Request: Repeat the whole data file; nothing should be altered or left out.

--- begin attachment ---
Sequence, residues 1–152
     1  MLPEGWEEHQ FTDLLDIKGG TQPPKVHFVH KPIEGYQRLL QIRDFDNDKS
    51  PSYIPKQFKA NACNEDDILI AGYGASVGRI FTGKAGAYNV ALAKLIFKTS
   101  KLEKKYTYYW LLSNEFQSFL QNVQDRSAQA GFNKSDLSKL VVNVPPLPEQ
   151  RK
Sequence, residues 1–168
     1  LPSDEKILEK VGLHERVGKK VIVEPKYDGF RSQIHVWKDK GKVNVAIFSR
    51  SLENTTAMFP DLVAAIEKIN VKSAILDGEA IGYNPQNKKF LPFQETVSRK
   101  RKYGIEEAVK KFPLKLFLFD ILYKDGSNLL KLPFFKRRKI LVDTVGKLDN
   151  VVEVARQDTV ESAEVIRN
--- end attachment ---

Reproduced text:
Sequence, residues 1–152
     1  MLPEGWEEHQ FTDLLDIKGG TQPPKVHFVH KPIEGYQRLL QIRDFDNDKS
    51  PSYIPKQFKA NACNEDDILI AGYGASVGRI FTGKAGAYNV ALAKLIFKTS
   101  KLEKKYTYYW LLSNEFQSFL QNVQDRSAQA GFNKSDLSKL VVNVPPLPEQ
   151  RK
Sequence, residues 1–168
     1  LPSDEKILEK VGLHERVGKK VIVEPKYDGF RSQIHVWKDK GKVNVAIFSR
    51  SLENTTAMFP DLVAAIEKIN VKSAILDGEA IGYNPQNKKF LPFQETVSRK
   101  RKYGIEEAVK KFPLKLFLFD ILYKDGSNLL KLPFFKRRKI LVDTVGKLDN
   151  VVEVARQDTV ESAEVIRN